The Minnesota State Legislature is scheduled to adjourn on May 19. But the lawmakers may go into overtime – a special session – if the Republican-led House and Democrat-led Senate do not reach agreement on how to eliminate the $4.2 billion budget deficit. The Minnesota State Legislature is scheduled to adjourn on May 19. But the lawmakers may go into overtime – a special session – if the Republican-led House and Democrat-led Senate do not reach agreement on how to eliminate the $4.2 billion budget deficit.
The state Constitution requires the state to adopt a balance budget for each biennium. The Senate and House of Representatives are approximately $1 billion apart in their proposals.
Democrats say the Legislature has to be willing to consider increasing taxes to balance the budget. Otherwise, if state supported services are withdrawn, severe hardship will befall people who already are at great risk.
Republicans, however, promised their voters they would not raise taxes, and expand tax cuts, a strategy of reducing government service, size and cost. Charities and churches should pick up programs previously supported by tax dollars they say.
Both Republicans and Democrats insist they are trying to maintain "core services" for Minnesota in their budget proposals. "However", argues the Rev. Randolph Staten, co-chair African American Leadership Summit/Black Church Coalition, "what’s defined as core services for some, may not be the same for another group of people".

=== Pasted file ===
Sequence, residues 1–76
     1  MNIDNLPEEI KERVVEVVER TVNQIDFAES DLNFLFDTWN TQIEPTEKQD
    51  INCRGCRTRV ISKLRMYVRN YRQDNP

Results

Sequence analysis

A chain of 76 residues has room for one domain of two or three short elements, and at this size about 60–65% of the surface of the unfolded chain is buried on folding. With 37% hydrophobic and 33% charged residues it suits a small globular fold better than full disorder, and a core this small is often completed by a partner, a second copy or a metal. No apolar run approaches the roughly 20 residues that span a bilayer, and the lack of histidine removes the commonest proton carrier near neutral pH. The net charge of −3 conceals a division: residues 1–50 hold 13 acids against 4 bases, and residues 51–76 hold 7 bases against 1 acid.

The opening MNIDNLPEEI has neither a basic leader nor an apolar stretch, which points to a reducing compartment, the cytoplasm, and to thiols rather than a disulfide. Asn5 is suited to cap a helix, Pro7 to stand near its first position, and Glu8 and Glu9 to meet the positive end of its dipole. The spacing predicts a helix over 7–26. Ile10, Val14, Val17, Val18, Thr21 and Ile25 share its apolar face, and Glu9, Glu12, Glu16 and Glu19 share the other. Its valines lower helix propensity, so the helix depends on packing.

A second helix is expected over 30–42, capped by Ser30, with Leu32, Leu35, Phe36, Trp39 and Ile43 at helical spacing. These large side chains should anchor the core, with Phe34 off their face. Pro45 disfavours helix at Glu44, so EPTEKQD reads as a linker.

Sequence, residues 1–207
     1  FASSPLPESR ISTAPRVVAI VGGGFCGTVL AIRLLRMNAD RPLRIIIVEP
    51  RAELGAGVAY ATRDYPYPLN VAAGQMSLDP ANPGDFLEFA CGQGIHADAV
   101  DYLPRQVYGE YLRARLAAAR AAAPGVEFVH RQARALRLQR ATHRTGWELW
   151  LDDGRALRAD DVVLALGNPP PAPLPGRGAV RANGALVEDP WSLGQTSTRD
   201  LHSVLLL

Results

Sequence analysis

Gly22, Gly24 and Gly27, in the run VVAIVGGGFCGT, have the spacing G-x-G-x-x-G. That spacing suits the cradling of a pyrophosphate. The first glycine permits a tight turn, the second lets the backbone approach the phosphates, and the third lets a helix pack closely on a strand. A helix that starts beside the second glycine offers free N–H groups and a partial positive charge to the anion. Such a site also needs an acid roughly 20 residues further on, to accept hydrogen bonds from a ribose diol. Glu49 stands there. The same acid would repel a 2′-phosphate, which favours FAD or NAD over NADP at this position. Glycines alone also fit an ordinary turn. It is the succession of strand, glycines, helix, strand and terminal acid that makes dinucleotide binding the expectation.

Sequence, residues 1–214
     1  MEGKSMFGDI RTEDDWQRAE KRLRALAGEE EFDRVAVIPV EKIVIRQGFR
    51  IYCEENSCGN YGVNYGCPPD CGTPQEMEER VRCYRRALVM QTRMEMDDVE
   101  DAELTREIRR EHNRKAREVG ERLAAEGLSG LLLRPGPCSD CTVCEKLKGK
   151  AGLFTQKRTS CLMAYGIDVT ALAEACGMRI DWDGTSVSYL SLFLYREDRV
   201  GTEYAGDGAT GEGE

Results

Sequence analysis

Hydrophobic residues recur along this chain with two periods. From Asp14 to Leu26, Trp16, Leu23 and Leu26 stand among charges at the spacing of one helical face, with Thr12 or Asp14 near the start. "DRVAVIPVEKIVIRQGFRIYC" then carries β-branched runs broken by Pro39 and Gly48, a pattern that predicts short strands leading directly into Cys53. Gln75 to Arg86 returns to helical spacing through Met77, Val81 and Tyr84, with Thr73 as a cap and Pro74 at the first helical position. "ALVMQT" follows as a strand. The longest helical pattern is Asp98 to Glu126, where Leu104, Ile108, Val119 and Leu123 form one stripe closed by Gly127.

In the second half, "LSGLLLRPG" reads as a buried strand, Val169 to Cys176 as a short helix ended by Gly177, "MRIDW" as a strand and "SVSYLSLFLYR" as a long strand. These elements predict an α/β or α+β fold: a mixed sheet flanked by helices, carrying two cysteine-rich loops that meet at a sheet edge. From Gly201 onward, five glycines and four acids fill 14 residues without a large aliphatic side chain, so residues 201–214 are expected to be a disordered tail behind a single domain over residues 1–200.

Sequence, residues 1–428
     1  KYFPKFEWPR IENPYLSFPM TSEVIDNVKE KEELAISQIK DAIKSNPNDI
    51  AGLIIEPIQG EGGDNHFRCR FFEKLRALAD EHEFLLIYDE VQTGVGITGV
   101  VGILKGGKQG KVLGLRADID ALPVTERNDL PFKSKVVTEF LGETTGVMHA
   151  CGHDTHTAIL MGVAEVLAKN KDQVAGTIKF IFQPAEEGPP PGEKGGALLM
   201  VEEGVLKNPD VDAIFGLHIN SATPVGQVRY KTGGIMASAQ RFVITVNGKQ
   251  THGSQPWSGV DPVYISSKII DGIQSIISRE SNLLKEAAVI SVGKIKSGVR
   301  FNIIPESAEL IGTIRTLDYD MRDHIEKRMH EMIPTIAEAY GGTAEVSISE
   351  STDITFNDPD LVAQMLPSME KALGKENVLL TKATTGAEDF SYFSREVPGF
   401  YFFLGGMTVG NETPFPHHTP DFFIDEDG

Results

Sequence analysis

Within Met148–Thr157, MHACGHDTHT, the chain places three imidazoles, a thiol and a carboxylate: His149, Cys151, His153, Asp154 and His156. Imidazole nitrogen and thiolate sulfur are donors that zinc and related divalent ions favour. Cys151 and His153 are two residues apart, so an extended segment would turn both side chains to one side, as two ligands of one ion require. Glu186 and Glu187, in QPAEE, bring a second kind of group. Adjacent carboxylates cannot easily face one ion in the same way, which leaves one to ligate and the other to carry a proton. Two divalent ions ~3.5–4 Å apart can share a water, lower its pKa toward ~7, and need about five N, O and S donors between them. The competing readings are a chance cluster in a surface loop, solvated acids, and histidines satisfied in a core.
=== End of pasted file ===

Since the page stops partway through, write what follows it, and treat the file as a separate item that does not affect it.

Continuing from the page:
Rep. Keith Ellison outlined some of the critical legislative and policy issues affecting the Black community:
Conceal & Carry
This law goes into effect at the end of May. Under this law, you will be able to carry a concealed weapon. As long as you are not mentally infirm or do not have a felony, you can get a gun and the sheriff shall issue a permit. However, if an establishment has a visible sign saying "No Guns Allowed" then one will not be allowed to enter the establishment with a gun.
"If everyone’s packing, then there may be more than one or two dead people," said Ellison. "They’re talking about 90,000 more new guns."
Law enforcement groups and most suburban communities did not support this legislation. "This was an issue in which rural Minnesota is imposing its will against the rest of us," said Ellison.
People played on the Sept. 11 terrorist attacks in pushing forth this legislation, Ellison said. "When you drive up the level of fear, people do things like go and get guns. But, there is also a very intense racial aspect."
Judiciary Finance Bill
This bill had a 10 percent cut for the Minnesota State Human Rights Department. Ellison offered an amendment to charge $75 for each corporation that wants to do business with the state. Businesses must apply for an Affirmative Action certificate, which, said Ellison, takes approximately $150 worth of staff time.
"That’s going to raise close to $300,000 over the biennium. The department was going to be down by $650,000, but now it’ll only be down by $300,000," said Ellison.
Ellison said that the Public Defenders budget would be cut by 15% in the governor’s budget, but only by 5% in the House budget. "You have a Constitutional right to a lawyer. The danger here is that the Constitutional right to representation is being undermined because if the state doesn’t fund it, then it’s just on paper. If it’s just on paper, there’s nobody there to represent you," said Ellison.
House Speaker Steve Sviggum-R, has been speaking highly of a five-year investment in roads and bridges, said Ellison. However, "What they don’t tell you is that there is very little of that investment that’s going to go to urban areas. It’s for suburban people, so they can get on a throughway and get right out to the suburbs," he said.